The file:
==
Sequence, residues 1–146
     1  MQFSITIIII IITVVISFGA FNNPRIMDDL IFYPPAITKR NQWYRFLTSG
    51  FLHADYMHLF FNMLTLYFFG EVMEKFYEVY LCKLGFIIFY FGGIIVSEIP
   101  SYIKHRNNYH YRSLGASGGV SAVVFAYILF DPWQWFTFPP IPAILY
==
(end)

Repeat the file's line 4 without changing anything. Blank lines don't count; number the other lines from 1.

   101  SYIKHRNNYH YRSLGASGGV SAVVFAYILF DPWQWFTFPP IPAILY